Making complex subjects compelling nets UQ teachers top awards

20 Dec 2017

From economics to hypersonics, teachers at The University of Queensland are finding award-winning ways to teach students complex subjects.

Dr Vincent Wheatley and Carl Sherwood received Awards for Teaching Excellence at the Australian Awards for University Teaching Excellence (AAUT), while UQ’s First Year Chemistry Program won an Award for Programs that Enhance Learning.

UQ Deputy Vice-Chancellor (Academic) Professor Joanne Wright said the university’s commitment to continually improving the student experience was reflected in the way teachers found new ways to engage students.

“While the university invests in new learning technologies and innovations, we also have an exceptional group of teachers who put in so much time and energy to ensure their course content is not only engaging, but is delivered in ways that resonate so effectively with students,” she said.

“The proof is in the outcomes and feedback, and Dr Wheatley, Mr Sherwood and the First-Year Chemistry Program team have delivered this in spades.

“We are immensely proud of them.”

Mr Sherwood, who won the award in the field of law, economics, business and related studies, from the School of Economics has used interactive and storytelling teaching methods to help first-year economics students overcome their fear of learning statistics and increase self-belief in their ability.

Dr Wheatley from the School of Mechanical Mining and Engineering, who won the award in the field of physical sciences and related studies, strives to make students not only active learners but intrigued and enthusiastic by engaging them in scenarios relevant to their potential future careers.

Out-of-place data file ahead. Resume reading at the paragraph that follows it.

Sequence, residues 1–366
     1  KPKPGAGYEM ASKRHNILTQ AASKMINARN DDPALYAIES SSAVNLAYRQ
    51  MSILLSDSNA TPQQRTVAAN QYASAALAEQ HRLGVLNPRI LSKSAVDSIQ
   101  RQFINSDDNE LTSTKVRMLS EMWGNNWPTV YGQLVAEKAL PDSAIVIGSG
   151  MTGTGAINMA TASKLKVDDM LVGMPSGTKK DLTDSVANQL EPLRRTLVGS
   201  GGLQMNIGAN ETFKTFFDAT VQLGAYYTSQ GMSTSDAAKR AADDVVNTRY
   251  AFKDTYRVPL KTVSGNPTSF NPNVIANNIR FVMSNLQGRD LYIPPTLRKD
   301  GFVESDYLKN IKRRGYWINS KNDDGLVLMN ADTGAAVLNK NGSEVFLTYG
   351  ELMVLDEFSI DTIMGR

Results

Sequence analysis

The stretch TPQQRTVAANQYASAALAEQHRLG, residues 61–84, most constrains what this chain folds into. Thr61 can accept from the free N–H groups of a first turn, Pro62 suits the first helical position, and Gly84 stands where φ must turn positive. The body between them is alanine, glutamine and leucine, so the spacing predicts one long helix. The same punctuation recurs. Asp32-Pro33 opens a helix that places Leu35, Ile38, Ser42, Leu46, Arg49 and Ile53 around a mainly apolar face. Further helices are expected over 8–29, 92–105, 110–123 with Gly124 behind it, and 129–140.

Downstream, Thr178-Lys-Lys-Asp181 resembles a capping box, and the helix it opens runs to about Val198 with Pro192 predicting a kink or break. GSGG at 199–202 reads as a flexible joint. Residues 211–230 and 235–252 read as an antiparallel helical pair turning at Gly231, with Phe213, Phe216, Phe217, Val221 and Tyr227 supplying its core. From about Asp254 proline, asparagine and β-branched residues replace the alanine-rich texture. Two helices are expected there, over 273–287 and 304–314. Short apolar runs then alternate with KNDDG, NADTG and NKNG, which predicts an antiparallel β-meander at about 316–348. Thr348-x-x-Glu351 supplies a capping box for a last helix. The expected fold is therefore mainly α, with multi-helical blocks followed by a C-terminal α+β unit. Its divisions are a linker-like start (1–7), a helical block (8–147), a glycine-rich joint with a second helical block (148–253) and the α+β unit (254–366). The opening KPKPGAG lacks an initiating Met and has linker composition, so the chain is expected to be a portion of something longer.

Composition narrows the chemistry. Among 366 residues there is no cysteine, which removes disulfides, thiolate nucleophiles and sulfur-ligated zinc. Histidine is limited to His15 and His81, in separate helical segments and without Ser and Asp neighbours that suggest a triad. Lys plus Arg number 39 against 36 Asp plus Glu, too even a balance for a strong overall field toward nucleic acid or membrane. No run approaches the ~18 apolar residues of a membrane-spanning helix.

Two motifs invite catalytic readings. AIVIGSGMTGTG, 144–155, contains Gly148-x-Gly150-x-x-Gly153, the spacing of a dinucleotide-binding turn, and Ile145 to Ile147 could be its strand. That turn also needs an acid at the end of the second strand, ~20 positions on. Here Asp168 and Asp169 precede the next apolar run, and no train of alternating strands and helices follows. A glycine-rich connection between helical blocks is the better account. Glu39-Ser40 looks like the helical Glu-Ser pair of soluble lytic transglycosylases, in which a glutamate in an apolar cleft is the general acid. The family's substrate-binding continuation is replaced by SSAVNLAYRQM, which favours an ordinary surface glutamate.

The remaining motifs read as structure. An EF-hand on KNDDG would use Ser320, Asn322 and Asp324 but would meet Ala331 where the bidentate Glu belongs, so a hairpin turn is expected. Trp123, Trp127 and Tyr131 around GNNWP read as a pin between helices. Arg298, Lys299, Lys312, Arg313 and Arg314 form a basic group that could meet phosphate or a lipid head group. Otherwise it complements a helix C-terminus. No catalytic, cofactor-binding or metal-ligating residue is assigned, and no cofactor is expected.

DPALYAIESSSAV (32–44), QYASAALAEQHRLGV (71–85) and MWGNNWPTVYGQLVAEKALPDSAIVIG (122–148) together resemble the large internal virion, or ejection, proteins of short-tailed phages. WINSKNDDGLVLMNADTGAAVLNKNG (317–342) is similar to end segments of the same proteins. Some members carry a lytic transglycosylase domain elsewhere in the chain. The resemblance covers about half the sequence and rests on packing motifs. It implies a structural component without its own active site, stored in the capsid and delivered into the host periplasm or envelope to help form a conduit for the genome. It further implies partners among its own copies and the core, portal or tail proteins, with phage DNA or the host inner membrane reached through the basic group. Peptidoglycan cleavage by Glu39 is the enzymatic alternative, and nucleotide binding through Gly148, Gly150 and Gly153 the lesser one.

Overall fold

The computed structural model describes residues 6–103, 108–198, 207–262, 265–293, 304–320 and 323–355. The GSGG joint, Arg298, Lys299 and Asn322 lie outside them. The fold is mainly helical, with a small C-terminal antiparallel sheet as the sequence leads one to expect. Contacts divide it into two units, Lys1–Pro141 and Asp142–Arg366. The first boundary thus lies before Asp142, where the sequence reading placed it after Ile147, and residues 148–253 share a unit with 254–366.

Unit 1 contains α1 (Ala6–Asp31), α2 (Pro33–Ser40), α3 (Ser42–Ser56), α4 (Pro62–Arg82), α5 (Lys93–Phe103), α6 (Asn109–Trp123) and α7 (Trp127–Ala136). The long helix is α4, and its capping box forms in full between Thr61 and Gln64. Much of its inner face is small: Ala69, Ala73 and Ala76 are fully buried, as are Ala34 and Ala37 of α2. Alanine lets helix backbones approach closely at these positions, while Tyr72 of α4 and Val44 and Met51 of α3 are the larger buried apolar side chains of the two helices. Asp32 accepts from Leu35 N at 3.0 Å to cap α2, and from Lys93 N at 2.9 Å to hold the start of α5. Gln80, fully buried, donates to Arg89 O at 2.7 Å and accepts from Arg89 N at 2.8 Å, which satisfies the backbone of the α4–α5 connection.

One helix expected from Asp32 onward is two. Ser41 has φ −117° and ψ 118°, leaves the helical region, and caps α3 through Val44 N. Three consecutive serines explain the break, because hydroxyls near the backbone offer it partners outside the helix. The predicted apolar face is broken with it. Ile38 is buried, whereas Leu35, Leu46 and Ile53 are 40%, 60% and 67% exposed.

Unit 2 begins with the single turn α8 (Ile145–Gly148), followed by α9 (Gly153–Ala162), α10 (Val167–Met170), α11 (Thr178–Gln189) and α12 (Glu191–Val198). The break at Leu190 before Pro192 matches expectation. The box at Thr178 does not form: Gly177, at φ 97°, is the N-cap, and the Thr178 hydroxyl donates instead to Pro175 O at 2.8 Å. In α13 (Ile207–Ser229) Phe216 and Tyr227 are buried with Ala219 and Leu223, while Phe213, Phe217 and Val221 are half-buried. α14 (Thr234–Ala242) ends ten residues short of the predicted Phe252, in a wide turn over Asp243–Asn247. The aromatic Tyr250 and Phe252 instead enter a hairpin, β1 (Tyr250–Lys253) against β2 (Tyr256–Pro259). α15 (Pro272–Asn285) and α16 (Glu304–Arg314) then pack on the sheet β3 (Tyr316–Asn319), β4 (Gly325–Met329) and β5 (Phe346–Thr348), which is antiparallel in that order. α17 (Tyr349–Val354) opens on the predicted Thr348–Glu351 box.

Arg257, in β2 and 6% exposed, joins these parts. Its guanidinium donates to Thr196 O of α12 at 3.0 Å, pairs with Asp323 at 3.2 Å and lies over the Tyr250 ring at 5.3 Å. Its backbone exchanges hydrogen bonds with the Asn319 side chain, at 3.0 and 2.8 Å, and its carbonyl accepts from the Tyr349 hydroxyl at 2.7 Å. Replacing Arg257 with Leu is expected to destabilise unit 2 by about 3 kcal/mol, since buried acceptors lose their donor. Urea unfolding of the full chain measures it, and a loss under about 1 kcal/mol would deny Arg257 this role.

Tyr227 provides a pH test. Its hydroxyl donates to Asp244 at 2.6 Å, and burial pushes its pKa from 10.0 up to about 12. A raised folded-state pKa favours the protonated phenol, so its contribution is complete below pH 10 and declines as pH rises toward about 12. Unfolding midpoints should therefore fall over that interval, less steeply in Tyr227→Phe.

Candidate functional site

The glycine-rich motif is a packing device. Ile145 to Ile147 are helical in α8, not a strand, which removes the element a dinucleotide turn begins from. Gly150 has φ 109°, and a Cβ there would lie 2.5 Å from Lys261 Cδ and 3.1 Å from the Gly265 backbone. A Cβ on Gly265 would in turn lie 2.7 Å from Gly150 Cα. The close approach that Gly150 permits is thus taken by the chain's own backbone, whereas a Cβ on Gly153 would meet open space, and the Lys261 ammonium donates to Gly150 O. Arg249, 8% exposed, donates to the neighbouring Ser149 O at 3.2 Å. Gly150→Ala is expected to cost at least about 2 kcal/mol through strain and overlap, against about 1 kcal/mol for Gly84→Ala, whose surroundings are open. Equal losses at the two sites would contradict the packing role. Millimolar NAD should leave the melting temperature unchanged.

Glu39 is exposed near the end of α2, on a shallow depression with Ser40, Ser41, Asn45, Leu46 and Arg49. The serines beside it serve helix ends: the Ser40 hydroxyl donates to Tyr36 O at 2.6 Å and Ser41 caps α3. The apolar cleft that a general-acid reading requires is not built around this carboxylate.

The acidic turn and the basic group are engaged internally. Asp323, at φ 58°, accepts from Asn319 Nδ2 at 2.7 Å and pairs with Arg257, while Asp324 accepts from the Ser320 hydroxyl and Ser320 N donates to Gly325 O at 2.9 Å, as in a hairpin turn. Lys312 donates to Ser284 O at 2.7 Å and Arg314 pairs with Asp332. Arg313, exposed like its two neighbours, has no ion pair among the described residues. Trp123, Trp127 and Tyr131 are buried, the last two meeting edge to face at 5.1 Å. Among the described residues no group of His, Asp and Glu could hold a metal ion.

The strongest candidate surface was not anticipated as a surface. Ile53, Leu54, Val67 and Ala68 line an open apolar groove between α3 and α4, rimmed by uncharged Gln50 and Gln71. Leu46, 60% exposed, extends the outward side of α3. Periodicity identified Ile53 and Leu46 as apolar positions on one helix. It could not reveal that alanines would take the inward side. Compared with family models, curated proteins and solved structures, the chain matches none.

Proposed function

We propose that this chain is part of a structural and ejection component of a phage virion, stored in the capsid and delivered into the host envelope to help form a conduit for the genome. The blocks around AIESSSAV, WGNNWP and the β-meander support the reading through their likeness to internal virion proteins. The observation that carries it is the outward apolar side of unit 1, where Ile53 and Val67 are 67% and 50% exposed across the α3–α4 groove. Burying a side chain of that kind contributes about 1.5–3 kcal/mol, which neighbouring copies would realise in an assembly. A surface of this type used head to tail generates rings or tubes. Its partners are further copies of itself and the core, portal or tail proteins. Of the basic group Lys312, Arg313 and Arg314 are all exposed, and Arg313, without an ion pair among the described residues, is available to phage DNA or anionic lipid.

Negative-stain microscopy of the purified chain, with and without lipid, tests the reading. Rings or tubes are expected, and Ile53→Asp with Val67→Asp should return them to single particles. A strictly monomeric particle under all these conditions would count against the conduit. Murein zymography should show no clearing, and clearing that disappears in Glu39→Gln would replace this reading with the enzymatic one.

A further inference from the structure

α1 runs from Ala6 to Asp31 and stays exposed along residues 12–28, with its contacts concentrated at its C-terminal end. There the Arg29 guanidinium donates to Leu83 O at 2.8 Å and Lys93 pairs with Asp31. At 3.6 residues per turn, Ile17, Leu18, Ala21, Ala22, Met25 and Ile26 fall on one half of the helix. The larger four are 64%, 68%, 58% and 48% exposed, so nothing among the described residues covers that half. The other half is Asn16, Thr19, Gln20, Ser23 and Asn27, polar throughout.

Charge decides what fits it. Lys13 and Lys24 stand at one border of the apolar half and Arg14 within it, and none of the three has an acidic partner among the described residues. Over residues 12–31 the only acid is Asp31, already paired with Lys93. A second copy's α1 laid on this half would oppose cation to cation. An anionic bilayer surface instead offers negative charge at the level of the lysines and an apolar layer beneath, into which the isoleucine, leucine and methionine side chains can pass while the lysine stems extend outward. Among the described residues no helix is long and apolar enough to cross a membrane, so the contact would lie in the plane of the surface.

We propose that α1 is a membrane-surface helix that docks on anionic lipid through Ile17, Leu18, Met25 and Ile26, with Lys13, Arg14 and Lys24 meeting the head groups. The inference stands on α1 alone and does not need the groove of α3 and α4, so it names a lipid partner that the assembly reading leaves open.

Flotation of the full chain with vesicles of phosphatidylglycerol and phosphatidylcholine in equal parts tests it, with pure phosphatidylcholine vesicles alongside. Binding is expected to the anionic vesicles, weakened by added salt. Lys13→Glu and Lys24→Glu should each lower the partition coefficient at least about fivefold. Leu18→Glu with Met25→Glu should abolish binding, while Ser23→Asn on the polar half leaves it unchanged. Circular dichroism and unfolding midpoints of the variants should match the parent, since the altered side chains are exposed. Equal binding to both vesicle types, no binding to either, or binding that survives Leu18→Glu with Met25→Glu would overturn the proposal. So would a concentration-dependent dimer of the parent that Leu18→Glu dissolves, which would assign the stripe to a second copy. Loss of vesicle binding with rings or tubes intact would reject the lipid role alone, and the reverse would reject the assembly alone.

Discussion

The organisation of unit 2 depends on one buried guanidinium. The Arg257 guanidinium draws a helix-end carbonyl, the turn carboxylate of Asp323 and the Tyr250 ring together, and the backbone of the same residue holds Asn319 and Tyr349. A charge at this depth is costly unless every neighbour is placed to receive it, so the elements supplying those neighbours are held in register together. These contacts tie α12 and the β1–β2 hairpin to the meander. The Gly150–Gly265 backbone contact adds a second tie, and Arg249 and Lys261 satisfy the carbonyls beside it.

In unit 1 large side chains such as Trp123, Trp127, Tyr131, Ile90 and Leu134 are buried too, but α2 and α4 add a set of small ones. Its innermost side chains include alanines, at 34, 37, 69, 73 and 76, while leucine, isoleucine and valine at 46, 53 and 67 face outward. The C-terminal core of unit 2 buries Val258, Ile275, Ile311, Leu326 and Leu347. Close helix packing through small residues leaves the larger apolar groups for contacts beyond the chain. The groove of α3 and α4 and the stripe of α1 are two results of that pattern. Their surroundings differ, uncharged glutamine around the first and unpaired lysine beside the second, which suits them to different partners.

He has demonstrated that the Massive Open Online Course (MOOC) concept can be successfully applied to advanced technical courses, having attracted learners from 129 countries to the edX course Hypersonics – From Shockwaves to Scramjets.

The UQ First Year Chemistry Program received an Award for Programs that Enhance Learning in the category of innovation and flexibility in curricula, learning and teaching.

The team is led by Associate Professor Joanne Blanchfield, and includes Dr Denise Adams, Dr Andrew Allsebrook, Dr Bruce D’Arcy, Professor Mary Garson, Dr Efpraxia Kartsonaki, Associate Professor Gwendolyn Lawrie, Professor James De Voss, Associate Professor Mark Riley and Dr Philip Sharpe.

The awards recognise those among Australia’s most outstanding university teachers and programs, contributing to the quality of student learning and student experience in higher education.

Media: UQ Communications,, +7 3346 0561